The shortcoming of High Spirits lies in the sense that these show tunes, from the musical based on Noel Coward’s play Blithe Spirit, are really fairly average West End/Broadway fare. “You’d Better Love Me” is a case in point. It really doesn’t deserve Pat Smythe’s elegantly poised solo. Smythe did the arrangements here and he made a more than adequate fist of the task. In fact, Smythe has the album’s finest moment in his lovely, limpid performance on “Forever and a Day”. The band’s playing is lively and authoritative and Shake Keane is on wonderful form throughout but particularly so on “If I Gave You”. There’s also a certain poignancy to the way Harriott plays throughout the record, almost as if somehow he can compensate for the lack of depth to the original tunes. In any other context, his solos on “I Know Your Heart” and “Was She Prettier Than I?” would count as prime Harriott. Perhaps, I’m being a little ungenerous. You certainly won’t regret having this record in your collection and if you know anything of Joe Harriott, you will want this pairing for Movement. Looked at that way and High Spirits is a bonus.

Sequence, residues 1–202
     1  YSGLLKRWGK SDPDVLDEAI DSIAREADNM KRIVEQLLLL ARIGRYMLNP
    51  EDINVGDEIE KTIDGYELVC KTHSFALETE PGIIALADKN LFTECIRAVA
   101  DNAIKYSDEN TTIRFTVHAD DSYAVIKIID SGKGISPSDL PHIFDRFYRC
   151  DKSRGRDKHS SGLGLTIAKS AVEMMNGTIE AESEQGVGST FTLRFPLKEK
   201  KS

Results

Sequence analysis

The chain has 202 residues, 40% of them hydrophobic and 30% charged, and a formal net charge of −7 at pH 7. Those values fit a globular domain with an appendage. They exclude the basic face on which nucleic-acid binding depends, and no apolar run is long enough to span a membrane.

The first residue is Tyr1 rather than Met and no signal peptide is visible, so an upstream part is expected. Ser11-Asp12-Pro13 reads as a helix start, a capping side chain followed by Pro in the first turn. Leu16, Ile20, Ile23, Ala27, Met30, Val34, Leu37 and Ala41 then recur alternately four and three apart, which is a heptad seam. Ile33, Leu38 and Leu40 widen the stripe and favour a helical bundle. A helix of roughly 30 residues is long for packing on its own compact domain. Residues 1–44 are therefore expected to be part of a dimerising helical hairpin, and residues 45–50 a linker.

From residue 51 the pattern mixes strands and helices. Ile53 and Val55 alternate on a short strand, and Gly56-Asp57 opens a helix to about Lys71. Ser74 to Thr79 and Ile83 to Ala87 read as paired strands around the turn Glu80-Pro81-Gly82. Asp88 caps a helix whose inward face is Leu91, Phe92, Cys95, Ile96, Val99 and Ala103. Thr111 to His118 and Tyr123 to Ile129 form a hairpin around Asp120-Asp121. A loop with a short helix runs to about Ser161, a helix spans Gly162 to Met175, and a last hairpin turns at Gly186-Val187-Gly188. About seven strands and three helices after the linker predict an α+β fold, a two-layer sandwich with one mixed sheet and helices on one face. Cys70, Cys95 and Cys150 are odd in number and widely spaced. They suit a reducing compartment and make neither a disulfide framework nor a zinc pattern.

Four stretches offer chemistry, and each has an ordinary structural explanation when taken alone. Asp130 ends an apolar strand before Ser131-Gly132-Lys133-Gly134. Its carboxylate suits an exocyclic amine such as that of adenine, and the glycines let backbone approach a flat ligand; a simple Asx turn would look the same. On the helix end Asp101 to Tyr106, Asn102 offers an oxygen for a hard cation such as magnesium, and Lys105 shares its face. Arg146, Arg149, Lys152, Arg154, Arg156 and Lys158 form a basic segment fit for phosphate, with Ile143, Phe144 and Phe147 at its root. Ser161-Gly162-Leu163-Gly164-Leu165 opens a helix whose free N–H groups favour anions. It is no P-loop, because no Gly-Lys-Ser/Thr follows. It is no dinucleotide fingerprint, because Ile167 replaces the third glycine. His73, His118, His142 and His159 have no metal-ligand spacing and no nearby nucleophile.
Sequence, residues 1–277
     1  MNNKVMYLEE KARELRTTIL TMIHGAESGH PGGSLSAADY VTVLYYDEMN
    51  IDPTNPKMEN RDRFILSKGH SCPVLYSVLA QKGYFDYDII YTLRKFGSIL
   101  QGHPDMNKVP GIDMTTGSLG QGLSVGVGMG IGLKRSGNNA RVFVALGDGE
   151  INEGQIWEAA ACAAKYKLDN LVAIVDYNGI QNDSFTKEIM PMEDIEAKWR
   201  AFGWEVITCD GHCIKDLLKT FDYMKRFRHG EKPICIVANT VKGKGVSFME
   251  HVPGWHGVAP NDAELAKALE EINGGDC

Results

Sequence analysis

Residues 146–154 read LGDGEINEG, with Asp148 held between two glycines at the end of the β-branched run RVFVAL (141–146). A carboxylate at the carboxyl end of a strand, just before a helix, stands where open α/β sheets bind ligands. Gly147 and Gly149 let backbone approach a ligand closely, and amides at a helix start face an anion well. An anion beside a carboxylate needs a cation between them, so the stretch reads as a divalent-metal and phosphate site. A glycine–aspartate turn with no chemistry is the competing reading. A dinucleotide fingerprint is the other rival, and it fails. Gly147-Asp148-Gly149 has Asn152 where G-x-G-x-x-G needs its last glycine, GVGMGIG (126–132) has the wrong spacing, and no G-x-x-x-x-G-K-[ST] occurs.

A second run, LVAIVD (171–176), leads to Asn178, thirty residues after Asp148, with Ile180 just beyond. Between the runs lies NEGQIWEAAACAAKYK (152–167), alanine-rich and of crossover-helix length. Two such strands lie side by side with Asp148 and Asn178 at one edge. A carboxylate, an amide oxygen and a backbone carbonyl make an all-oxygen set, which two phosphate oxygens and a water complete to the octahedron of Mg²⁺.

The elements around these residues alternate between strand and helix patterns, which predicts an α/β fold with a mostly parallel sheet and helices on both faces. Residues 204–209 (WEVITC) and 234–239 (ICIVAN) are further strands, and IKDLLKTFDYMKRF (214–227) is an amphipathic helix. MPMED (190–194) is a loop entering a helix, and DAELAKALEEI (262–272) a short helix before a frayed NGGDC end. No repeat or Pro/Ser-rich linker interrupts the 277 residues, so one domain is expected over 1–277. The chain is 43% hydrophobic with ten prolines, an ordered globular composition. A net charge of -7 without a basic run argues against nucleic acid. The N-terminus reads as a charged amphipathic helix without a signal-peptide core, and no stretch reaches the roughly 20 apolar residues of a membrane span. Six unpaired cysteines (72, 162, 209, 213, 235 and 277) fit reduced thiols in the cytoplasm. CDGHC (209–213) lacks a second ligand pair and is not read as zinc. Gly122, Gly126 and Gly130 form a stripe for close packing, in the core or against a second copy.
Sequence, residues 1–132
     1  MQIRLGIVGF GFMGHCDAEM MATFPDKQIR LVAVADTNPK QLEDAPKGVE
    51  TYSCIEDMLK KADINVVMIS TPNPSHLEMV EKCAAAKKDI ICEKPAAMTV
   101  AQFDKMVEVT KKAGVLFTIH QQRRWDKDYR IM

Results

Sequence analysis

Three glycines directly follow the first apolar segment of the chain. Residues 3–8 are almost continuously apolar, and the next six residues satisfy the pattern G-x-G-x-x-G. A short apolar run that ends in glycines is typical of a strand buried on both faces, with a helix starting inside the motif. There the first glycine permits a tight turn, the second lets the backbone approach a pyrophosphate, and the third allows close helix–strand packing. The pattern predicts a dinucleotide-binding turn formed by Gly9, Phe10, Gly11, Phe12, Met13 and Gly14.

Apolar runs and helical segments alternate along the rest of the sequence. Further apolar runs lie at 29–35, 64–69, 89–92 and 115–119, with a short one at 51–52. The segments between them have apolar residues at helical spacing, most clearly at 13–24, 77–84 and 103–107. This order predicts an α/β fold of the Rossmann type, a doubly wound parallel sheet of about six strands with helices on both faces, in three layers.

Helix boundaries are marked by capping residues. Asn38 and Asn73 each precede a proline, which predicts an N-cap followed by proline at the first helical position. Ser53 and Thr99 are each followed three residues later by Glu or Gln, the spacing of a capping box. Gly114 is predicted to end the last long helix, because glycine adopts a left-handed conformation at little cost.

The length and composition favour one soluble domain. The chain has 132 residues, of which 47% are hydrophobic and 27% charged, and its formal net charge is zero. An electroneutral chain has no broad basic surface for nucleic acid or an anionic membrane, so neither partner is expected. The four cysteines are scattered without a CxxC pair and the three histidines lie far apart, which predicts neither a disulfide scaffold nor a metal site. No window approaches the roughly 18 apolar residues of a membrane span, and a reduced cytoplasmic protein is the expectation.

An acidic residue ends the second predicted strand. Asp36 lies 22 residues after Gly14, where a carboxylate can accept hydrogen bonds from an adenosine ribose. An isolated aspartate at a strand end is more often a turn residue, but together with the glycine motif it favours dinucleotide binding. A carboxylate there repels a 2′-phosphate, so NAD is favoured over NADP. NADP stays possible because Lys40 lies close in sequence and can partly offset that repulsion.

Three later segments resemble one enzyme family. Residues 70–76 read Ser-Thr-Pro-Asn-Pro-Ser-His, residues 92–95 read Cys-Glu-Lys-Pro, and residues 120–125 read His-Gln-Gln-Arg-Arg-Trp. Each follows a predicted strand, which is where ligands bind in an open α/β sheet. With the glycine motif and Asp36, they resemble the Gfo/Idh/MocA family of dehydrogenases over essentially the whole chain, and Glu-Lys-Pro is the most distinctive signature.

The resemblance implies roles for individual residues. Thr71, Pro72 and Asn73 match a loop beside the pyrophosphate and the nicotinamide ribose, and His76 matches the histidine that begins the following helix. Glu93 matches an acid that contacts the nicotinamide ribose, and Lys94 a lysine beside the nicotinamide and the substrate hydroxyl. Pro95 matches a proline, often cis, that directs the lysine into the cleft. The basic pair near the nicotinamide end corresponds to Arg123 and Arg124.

Tracks: Movement: Morning Blue; Beams; Count Twelve; Face in the Crowd; Revival; Blues on Blues; Spaces; Spiritual Blues; Movement.
Personnel: Joe Harriott (as), Shake Keane (tp, flhn), Pat Smythe (p), Coleridge Goode (b), Bobby Orr (d). Rec. 1963.
High Spirits: Home Sweet Heaven; If I Gave You; Go Into Your Trance; You’d Better Love Me; I Know Your Heart; Was She Prettier Than I?; Forever and a Day; Something Tells Me.
Personnel: Joe Harriott (as), Shake Keane (tp, flhn), Pat Smythe (p), Coleridge Goode (b), Bobby Orr (d). Rec. September 1964.